The Lab Rats of Lanark County

Written by  Theresa Peluso Wednesday, 12 April 2017 12:21
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Imagine a giant chemical experiment taking place in our county.  Where we are the subjects -- and the scientific method is non-existent.  "Wow!"  you say.  "Will we get any mind-altering experiences from this?"  No.  But you will get lots of dead roadside vegetation.  And the future effects are unclear, but worrisome.
"Impossible!"  you exclaim.  Well, let's review the evidence, using the scientific method we learned in school to outline how Lanark County have conducted their own "experiment".
First, the question:  Why is wild parsnip a problem, and how should we respond?  Wild parsnip can cause a nasty rash if its sap gets on your skin.  The remedy? Avoid sunlight on your skin until you wash off the sap. Once you can identify this metre-tall plant with yellow flowers, it's easily avoided.  
Second: Conduct background research related to the question. Instead of analyzing this plant's habits, Lanark County seized on chemical warfare.  That spraying would miss whole swaths of wild parsnip, which would likely reseed any bare spots, was…forgotten?  That safer weed management solutions were being used by other jurisdictions, was overlooked.
Lanark County decided to conduct a "trial test", using the Health-Canada-approved pesticide ClearView. Despite the Ontario College of Family Physicians' linking of pesticides to ADHD, autism, and other cognitive and behavioural disorders in children. Despite Pesticide Action Network's conclusion that "evidence linking pesticide exposure to increased risk of leukemia and brain tumours continues to mount, with increased 'meta-analysis' studies pointing to higher risks among children in rural agricultural areas".  Despite the damage of these pesticides to our soils, to aquatic life when they reach our waterways via roadside ditches, and to food sources for our pollinators.  Despite the risk to the livelihoods of the many beekeepers and organic farmers.  Despite the likelihood of increased chemical resistance in the surviving plants, leading to even more toxic chemicals.

Despite incomplete testing by Health Canada.  A percentage of ingredients in ClearView are undisclosed for proprietary reasons, and don't require testing for toxicity; for example, Gateway, an adjuvant mixed with ClearView. The petroleum distillates in Gateway are even more harmful to aquatic organisms than the two main ingredients of ClearView.  
This is where we, the unwitting lab rats, come in.  The long-term effects of exposing a human population and huge swaths of our countryside to ClearView, were NOT considered.  Just so much collateral damage.

Third:  Formulate a hypothesis about the problem's cause.  The growth habits of wild parsnip, its ecological role, and its preference for certain environments, were not examined.  The skin reactions in people affected by wild parsnip were barely assessed. Public education to recognize wild parsnip was minimal.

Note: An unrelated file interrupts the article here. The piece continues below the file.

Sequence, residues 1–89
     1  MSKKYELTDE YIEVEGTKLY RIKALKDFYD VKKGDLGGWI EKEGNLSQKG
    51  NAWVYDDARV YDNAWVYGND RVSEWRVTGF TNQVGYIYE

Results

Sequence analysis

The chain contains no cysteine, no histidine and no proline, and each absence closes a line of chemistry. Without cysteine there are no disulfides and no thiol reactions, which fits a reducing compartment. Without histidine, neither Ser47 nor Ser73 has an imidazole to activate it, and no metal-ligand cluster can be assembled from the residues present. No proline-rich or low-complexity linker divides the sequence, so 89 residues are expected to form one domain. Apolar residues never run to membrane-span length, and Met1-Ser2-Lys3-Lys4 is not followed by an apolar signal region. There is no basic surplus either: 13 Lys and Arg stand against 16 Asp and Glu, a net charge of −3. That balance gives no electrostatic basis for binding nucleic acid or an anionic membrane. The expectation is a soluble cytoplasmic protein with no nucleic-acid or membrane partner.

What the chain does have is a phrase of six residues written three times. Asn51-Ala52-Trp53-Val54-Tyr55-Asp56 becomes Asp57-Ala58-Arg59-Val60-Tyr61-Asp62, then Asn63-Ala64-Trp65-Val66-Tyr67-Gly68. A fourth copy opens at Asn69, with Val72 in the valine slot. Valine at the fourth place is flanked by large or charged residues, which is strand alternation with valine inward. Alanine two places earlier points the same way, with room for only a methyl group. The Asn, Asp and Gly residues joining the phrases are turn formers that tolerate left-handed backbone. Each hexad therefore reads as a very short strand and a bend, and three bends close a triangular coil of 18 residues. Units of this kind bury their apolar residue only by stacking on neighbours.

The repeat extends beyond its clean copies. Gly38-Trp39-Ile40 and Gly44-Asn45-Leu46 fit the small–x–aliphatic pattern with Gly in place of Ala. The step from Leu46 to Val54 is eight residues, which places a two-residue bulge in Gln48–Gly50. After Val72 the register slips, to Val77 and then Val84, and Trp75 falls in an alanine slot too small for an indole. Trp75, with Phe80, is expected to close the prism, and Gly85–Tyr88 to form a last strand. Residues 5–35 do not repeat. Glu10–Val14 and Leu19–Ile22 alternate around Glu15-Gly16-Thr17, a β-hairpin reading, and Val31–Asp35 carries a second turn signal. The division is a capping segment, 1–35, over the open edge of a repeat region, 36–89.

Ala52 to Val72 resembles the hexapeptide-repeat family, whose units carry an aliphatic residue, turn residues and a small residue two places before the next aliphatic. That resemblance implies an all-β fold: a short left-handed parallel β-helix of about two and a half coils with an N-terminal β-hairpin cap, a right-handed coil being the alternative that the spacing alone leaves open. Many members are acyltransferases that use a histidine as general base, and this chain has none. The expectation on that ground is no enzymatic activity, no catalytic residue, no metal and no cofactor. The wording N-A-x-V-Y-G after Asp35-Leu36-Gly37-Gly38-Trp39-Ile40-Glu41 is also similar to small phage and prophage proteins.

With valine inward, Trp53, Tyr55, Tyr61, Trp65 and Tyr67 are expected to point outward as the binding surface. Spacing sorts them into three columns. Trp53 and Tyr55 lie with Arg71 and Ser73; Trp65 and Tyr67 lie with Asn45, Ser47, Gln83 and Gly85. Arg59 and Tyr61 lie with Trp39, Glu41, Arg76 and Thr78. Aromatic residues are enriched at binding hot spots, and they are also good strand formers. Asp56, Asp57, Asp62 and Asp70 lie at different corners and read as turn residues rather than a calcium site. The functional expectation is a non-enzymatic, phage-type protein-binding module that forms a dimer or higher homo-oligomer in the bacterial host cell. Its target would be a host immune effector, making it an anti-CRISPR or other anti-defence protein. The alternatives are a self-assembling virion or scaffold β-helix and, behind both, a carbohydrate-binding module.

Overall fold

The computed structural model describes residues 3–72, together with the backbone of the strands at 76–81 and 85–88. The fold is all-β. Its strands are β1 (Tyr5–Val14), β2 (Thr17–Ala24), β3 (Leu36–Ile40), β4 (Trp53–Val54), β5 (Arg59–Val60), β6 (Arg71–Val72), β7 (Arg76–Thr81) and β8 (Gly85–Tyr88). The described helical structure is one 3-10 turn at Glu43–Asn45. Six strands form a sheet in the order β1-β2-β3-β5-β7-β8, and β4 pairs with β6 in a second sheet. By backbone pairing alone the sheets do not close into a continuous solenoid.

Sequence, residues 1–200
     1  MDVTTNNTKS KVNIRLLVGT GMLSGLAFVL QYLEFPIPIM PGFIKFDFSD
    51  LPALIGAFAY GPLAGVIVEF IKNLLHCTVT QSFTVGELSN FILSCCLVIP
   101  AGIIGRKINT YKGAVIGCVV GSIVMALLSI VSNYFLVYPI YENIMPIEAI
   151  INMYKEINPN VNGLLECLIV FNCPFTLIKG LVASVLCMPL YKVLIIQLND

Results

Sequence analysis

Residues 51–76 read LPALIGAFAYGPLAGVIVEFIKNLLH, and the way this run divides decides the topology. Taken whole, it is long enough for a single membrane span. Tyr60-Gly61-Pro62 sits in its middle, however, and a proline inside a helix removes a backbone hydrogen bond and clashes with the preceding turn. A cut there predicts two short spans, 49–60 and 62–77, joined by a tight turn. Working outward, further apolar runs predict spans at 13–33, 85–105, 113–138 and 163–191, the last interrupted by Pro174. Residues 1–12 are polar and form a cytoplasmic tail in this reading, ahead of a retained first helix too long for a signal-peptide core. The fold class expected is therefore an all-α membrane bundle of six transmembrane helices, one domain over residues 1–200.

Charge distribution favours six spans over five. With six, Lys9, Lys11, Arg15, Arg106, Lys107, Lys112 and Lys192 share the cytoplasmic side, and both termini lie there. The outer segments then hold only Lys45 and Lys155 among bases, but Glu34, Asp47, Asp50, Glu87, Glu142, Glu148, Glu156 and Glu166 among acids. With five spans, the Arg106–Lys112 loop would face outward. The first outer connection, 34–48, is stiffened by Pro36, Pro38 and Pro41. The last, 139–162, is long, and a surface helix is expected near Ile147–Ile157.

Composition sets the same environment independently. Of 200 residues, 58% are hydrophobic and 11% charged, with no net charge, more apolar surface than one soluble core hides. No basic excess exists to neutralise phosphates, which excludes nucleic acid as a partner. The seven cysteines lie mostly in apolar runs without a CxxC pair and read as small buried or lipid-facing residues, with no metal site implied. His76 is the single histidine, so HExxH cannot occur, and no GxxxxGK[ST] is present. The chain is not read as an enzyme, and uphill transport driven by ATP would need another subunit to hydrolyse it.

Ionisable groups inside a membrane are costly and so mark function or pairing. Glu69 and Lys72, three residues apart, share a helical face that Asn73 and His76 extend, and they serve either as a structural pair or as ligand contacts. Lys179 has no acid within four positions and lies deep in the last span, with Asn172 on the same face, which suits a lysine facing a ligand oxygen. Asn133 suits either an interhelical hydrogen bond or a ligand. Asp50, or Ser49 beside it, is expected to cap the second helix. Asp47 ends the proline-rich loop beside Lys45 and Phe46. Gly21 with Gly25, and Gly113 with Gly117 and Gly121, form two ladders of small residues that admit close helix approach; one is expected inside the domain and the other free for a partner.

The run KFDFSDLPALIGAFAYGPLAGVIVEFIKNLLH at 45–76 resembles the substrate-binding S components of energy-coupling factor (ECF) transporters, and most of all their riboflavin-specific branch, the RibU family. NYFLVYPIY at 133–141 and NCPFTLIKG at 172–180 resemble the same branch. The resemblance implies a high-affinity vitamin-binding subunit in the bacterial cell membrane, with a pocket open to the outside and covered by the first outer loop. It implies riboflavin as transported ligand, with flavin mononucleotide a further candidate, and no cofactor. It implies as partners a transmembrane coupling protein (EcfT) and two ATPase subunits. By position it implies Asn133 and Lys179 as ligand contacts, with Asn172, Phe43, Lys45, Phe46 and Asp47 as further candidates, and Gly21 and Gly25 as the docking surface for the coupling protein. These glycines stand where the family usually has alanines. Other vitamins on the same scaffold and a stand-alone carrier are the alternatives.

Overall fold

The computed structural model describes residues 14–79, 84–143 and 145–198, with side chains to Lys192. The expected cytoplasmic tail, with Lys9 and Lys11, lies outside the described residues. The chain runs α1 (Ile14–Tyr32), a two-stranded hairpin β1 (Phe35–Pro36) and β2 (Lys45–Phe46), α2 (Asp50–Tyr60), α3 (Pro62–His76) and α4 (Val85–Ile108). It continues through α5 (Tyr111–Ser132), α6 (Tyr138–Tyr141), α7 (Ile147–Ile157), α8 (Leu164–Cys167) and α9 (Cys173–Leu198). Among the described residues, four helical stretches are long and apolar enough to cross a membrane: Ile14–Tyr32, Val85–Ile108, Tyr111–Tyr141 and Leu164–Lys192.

Fourth: Design an experiment to test the hypothesis – one that is methodologically strong, and excludes factors that might invalidate the results.  This requires having at least a sample group and a control group.

Instead, Lanark County just chose ClearView.  This herbicide doesn't specifically target wild parsnip, but is "highly active" against broadleaf plants, including native plants.  It seems the use of chemicals by other jurisdictions was sufficient justification. During Lanark County's "trial test" in June 2015, a contractor sprayed a road section with ClearView.  No other weed control strategies were tried to compare effectiveness, no control sample was identified, and no record was kept of other variables to ensure consistency.  After having sprayed their roadsides for 9 years, Stormont, Dundas and Glengarry plan to spray yet again.  Einstein's maxim: “The definition of insanity is doing the same thing over and over again, but expecting different results”.  

Fifth:  Perform the experiment and collect the data. Information is not available on spraying procedures, including safety measures.  The mowing of all the sprayed plants afterwards, made any possible data collection impossible – by destroying whatever data there was.

Sixth:  Analyze and interpret the data, and formulate your conclusion. Lanark County's brief report stated that – no surprise – ClearView killed most of the roadside plants, including the wild parsnip.  The conclusion – clearly invalid – was to spray all the roadsides over the following two years.  

To date, this year's wild parsnip management plan, although shrouded in secrecy, suggests that Lanark County will spray significant stretches of roadside yet again. Therefore, fellow lab rats, we must yell:  "STOP!  We're risking our health and our environment – for nothing!"

Let's insist on an end to roadside spraying and chemicals with unknown effects! Let's demand alternatives that preserve our health and our natural environment!  The Lanark County website http://www.lanarkcounty.ca/ provides information for contacting our councillors.

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